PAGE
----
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Does it make sense to use setVisible(false) on a dialog and reuse it later or is safer to call dispose() every time and to make a new JDialog. What about memory leaks with setVisible(false)?

EDIT: My Question isn't so much about quitting the application. More about Dialogs that have the main frame as parent and are opened and closed during the application life time. E.g. let's say my applications has about 10 dialogs that display different data every time I open them. Should I reuse the instances and use setVisible() or should I make a new Dialog every time and dispose() them on closing.

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dispose() will reuse those same instances, while releasing resources and freeing up memory. –  mre Aug 31 '11 at 17:23
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Also nice to know: Once a JDialog was pack()ed or setVisible()d, it won't be garbage collected until you call dispose()! –  keuleJ Nov 15 '12 at 11:38
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3 Answers

up vote 13 down vote accepted

I would recommend using dispose() to release resources and free up memory. If you want to show the dialog again, simply invoke setVisible(true).


It's important to note that when the last displayable window within the Java virtual machine (VM) is disposed of, the VM may terminate. See AWT Threading Issues for more information.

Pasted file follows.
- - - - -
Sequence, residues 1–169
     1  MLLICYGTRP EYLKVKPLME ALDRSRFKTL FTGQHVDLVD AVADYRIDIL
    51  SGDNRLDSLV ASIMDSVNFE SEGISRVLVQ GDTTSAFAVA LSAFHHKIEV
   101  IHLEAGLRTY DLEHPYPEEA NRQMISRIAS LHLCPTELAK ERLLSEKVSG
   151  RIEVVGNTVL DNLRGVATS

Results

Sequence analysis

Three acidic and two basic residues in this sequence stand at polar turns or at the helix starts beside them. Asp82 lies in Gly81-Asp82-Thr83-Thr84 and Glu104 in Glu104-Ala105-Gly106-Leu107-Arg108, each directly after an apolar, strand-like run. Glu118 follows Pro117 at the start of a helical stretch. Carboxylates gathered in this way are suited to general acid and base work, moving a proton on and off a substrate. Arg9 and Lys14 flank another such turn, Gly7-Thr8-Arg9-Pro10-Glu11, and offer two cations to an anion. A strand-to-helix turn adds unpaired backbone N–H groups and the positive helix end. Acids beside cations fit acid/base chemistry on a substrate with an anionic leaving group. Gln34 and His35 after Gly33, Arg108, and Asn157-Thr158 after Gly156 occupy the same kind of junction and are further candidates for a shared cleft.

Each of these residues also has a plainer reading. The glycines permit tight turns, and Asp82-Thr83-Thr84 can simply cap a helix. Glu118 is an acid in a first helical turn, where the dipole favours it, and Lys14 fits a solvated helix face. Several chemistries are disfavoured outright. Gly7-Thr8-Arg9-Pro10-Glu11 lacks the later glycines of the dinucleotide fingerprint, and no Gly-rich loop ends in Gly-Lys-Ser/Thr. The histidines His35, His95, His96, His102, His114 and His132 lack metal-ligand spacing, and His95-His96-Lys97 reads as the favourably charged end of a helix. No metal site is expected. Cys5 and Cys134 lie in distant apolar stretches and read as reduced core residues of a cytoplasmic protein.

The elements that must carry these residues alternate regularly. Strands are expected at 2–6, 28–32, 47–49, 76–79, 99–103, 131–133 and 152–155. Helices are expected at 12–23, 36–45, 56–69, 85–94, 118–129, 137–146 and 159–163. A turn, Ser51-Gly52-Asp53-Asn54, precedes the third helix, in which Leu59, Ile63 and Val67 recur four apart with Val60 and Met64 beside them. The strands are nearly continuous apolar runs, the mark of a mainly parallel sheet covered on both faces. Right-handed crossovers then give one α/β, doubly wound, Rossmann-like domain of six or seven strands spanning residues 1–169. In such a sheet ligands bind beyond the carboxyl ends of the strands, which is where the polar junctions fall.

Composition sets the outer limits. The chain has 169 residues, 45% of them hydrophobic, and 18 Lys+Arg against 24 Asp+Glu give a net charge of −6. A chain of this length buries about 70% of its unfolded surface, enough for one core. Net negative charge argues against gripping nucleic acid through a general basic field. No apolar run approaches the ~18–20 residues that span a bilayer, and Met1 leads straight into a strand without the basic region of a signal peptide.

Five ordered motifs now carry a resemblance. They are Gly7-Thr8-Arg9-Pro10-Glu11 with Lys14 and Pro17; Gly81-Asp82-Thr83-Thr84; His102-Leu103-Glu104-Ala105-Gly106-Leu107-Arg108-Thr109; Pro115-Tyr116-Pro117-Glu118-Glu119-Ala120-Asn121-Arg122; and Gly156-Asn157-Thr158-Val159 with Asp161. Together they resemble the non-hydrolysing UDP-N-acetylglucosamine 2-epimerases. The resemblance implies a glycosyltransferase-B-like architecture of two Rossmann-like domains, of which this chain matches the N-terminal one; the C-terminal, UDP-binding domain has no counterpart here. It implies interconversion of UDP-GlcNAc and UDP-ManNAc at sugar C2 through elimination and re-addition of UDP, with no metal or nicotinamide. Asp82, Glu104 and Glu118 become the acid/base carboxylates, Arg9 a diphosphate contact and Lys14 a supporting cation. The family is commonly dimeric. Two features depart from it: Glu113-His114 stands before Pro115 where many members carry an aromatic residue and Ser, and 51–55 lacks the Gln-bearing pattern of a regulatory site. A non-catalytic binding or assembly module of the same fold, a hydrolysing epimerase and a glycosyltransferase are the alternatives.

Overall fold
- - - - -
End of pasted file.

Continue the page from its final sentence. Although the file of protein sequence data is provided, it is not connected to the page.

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JWindow & JDialog missed method finalize(), then isn't so easy, nor without GC ..... btw +1 stackoverflow.com/questions/6309407/… –  mKorbel Aug 31 '11 at 12:42
    
Maybe you need to mention that if you reuse the same dialog a lot, is better to use setVisible(false) so JVM don't need to allocate the resources each time you want to display it. –  PhoneixS Oct 29 '12 at 10:20
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I still can't see any diference between JDialog#dispose(); and JDialog.setVisible(false) more here, each of them could be wakeup for reuse, and doesn't matter if was/were Disposed or Visibled

my view is that this question must be splited to three separates areas

1) some JFrame is parent for JDialog or JWindow (exist only is is there JFrame), then last one must to turn-off the lights

2) without parent for JDialog

3) there still exist another JFrame, JDialog or JWindow, then last one must to turn-off the lights

  • reachable by using --> Window[] wins = Window.getWindows();
  • last one must to turn-off the lights --> System.exit(0);
  • I suggest that there in all of possible cases must exist visible JFrame with JFrame.EXIT_ON_CLOSE, or another way could be implements WindowsListener with System.exit(0);
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Calling dispose() frees the resources associated with the dialog. You can keep the dialog around after you dispose() it. If you are worried about having too many dialogs laying around, use a WeakReference to hold the reference. That will ensure that your dialogs you are not using only survive garbage collection as long as the space they occupy is not needed.

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